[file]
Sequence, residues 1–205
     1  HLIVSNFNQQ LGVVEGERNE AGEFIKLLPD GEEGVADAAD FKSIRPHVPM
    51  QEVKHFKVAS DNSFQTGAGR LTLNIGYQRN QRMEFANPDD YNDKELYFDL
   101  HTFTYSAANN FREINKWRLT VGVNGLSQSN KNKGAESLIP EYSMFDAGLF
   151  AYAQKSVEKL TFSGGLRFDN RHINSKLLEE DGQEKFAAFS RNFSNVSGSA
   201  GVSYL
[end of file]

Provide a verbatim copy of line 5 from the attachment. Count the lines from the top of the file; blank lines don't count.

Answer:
   151  AYAQKSVEKL TFSGGLRFDN RHINSKLLEE DGQEKFAAFS RNFSNVSGSA